Do You Have the Right Home Insurance or Are You One of the 21% of Canadians Improperly Insured?


A recent study has found that one-fifth of Canadian homeowners do not have adequate homeowners insurance.

Do You Have the Right Home Insurance or Are You One of the 21% of Canadians Improperly Insured? 3To make sure you have the right kind of coverage check your Declaration page (the first page or two of your homeowners insurance), then check your wordings (the booklet or package that should have come when you initially bought the policy). Wordings of policies contain all of the conditions, rules, andcoveragesthat will apply in the event that something happens for which you might be covered. They’re also quite complex so you should ask a knowledgeable broker to help you understand what you have, but here is a start to negotiating your policy.

There are two main types of coverage to look for in most property policies:

  1. If a claim occurs on a part of the policy covered underNamed Perils, the adjuster looks at the list ofcoverageslisted in the Named Perils and if what happened is on that list then the loss is likely covered providing the other conditions of the policy apply as well. Some examples of Named Perils are Fire, Explosion, Smoke, Wind, Hail, Water, Theft and so on. The list may be very short for certain policies or longer for those risks where the insurer is willing to cover more perils. For example an older remote vacation cabin may not have Water Damage or Theft as one of the covered perils, but a newer owner occupied home with good fire protection may be eligible for a much longer list of Named Perils.

  2. If a claim occurs on a part of the policy covered underAll Risks, then the policy will state something like – “You are covered for All Risks except…” – then there is a list of exclusions for which no coverage is extended. This is the best type of coverage available, because even with the exclusions this type of coverage responds to more kinds of losses than Named Perils coverage. The adjuster looks at the claim and if the cause of loss is not excluded then the policy responds.

Almost all property policies are either All Risks or Named Perils or a combination of these (although there may be some secondary minor “AdditionalCoverages” as well, but these are not the main part of the policy). Some insurers provide different names for these combinations or Package Policies, but commonly they are called Comprehensive, Broad and Standard:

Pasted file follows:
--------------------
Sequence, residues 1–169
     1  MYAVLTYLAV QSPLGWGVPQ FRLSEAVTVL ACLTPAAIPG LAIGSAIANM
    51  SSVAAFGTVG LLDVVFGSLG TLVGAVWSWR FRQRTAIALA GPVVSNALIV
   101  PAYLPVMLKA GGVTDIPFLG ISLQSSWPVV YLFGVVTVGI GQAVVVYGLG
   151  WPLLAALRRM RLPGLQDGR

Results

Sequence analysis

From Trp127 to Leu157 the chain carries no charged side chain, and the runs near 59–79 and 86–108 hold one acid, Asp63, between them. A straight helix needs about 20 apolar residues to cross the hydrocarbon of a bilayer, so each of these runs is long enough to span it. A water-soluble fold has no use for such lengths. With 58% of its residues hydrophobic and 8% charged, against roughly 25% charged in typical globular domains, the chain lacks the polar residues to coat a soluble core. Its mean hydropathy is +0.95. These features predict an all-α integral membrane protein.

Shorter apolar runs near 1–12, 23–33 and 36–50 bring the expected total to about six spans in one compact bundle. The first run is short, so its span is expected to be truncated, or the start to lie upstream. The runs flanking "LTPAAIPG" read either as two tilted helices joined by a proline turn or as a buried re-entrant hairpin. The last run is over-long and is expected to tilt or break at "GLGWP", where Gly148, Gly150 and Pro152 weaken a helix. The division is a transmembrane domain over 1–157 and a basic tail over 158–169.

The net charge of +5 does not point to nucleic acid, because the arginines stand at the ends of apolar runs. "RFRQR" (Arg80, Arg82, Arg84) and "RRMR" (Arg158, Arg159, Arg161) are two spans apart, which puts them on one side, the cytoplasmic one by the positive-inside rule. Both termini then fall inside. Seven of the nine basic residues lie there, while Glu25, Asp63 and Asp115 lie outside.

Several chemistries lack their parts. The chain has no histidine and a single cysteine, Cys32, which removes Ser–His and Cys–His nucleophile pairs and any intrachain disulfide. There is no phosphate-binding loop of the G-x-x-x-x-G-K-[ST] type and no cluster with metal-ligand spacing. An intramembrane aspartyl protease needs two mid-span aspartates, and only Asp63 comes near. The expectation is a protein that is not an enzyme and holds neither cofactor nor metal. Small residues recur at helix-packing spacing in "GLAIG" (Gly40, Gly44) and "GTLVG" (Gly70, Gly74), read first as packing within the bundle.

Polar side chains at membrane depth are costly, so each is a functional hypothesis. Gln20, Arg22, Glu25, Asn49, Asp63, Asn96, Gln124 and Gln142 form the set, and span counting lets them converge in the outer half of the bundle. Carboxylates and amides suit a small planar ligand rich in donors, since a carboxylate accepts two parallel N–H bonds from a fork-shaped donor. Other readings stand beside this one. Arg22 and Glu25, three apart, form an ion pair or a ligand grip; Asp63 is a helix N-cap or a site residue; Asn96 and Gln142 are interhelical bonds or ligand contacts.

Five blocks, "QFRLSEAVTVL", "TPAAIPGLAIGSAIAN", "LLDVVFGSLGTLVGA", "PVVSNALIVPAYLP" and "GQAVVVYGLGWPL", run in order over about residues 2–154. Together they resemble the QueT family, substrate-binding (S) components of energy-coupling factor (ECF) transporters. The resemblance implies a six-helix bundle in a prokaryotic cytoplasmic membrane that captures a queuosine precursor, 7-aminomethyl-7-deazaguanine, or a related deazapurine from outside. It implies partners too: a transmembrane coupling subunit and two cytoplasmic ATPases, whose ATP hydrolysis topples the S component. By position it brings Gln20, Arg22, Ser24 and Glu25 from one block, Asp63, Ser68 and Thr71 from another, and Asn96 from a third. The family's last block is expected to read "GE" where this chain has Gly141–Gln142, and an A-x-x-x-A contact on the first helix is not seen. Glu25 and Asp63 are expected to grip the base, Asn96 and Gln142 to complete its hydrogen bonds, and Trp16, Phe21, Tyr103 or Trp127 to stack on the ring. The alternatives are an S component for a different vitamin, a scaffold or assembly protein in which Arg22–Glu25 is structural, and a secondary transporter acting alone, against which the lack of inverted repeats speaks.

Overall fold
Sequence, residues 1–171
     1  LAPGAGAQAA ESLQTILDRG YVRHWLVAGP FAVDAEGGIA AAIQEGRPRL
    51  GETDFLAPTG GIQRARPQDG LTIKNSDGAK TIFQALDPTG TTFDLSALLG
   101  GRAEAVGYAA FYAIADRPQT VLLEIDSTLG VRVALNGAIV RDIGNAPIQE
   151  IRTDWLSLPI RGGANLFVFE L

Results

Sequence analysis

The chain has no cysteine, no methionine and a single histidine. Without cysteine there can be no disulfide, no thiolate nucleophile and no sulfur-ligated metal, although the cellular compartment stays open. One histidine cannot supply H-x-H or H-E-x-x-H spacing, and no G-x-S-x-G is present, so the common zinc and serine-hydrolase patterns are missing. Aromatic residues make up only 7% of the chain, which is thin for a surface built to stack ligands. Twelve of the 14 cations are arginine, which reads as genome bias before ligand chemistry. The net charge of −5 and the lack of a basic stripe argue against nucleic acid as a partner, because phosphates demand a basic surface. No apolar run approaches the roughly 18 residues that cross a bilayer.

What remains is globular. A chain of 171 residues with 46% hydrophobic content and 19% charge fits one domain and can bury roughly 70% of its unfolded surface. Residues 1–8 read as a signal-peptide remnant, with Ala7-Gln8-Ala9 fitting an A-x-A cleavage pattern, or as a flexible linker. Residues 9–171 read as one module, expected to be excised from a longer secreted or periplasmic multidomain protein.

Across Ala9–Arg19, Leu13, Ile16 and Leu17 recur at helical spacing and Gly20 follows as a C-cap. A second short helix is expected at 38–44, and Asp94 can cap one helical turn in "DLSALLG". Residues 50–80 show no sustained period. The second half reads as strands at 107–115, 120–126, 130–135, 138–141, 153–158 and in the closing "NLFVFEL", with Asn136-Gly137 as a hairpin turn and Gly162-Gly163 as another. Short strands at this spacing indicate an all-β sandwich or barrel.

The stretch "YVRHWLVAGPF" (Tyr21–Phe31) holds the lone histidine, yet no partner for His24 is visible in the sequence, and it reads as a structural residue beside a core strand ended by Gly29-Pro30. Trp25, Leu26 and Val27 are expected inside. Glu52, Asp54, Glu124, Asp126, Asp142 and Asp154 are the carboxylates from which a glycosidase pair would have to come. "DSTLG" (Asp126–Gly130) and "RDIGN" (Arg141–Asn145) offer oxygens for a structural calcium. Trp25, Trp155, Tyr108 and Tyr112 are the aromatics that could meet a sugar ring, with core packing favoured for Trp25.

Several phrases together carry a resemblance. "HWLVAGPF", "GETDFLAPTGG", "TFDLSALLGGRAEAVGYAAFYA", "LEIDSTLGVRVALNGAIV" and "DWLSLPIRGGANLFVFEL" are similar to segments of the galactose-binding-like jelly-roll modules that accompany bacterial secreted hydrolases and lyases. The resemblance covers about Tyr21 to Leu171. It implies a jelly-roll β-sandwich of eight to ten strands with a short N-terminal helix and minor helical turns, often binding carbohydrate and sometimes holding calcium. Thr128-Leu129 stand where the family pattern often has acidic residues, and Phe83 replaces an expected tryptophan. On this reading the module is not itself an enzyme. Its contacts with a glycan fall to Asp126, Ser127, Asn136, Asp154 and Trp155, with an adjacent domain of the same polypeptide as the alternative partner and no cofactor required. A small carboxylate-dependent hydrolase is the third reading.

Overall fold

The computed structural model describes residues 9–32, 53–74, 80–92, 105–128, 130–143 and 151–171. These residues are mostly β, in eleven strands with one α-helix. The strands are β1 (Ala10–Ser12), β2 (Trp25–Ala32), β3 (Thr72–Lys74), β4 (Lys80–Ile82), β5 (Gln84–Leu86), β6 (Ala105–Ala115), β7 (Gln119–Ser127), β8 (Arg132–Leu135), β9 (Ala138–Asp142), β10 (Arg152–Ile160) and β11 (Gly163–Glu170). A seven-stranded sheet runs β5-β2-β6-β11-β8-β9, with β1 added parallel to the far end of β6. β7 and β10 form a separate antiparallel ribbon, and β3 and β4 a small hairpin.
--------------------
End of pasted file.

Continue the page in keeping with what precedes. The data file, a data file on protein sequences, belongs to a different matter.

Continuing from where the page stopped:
1. AStandardpackage will usually only cover for Named Perils both for the buildings and contents. There may even be only a few Named Perils. This type of policy is often used for those risks deemed to be more problematic or more likely to experience a loss (such as remote, older, vacant, etc…).

  2. Broad-form policies-This type of insurance may cover All Risks on the buildings but only Named Perils on the contents, although the list of Named Perils can include Vandalism and other perils that might not be found in a Standard policy.

  3. Comprehensive policies– This type of policy goes above and beyond the Broad form policy and is usually All Risks on both the building and contents.

Figuring out what your policy covers can be quite tricky. Insurers have developed many specializedcoveragesand comprehensive or any kinds of packages may vary quite widely from one insurer to the other or even from one type of risk to the other (for example usually a Comprehensive Home policy will be better than a Comprehensive Rental Property policy), also you may not qualify for the highest level ofcoverage, but you should always go for the best coverage available to you.

Take the time to review your policy documents; and if you don’t have Comprehensive coverage, or if you’d just like to know what you could have, contact one of our Alpine Insurance locations today. With offices in Calgary, Red Deer, Edmonton,LethbridgeandCanmore, we have the province covered.


Alpine Insurance & Financial Inc. – Alberta’s Trusted Advisors

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